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Drug Saf. 1999 Feb;20(2):171-86.

Treatment of anxiety during pregnancy: effects of psychotropic drug treatment on the developing fetus.

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University of Melbourne, Heidelberg, Victoria, Australia.


Pregnancy is a time of great emotional change for a woman, producing increased stress and anxiety. Medication may be required for the treatment of anxiety disorders at this time. Given the fact that psychotropic drugs readily cross the placenta and could have important implications for the developing fetus, it is necessary to balance the possible effects of medication against the potential effects to both the mother and fetus if the anxiety disorder is left untreated. Despite the widespread use of psychotropic drugs such as benzodiazepines and antidepressants during pregnancy, there is a paucity of information regarding the effect of such exposure on the developing fetus. From a review of the literature it is clear that the issue of safety of psychotropic drugs during pregnancy is far from resolved. While some of the findings from animal studies are alarming, these studies cannot be directly extrapolated to humans. In addition, varying sample sizes and multiple drug exposures further complicate interpretation of human studies. Nonpharmacological treatments such as cognitive behavioural therapy should be employed whenever possible for the treatment of anxiety disorders during pregnancy. However, if medication is required pregnant women should be prescribed the lowest dosage for the minimum amount of time.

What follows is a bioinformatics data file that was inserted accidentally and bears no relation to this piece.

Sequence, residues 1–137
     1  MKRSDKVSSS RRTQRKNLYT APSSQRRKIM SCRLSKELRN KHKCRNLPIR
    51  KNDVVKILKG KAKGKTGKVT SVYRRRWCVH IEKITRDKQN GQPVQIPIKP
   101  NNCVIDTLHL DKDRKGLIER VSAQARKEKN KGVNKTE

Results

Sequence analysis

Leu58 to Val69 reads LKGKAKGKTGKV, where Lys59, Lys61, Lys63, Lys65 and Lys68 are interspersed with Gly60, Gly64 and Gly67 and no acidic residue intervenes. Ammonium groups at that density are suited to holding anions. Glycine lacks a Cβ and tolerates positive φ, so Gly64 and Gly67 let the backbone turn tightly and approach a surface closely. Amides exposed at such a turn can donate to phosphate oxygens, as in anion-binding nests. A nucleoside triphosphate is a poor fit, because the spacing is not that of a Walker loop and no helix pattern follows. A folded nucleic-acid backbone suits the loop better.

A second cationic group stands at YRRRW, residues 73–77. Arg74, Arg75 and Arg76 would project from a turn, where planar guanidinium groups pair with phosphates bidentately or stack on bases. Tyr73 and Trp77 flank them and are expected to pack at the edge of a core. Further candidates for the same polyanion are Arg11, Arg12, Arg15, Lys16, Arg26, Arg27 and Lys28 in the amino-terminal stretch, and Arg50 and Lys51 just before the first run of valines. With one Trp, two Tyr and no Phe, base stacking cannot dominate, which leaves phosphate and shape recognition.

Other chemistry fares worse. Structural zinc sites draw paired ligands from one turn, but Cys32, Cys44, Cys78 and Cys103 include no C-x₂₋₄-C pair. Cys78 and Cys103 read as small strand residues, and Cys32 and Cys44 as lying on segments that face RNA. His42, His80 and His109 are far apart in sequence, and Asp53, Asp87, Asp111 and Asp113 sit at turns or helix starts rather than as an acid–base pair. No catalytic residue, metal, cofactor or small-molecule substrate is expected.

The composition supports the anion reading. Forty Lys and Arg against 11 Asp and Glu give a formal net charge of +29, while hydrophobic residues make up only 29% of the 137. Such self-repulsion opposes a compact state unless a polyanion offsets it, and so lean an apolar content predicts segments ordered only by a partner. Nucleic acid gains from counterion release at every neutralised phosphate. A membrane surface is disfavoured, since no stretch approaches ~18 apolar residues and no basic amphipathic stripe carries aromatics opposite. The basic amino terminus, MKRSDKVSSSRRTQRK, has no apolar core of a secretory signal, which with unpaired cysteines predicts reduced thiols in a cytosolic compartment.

[Indexed for MEDLINE]

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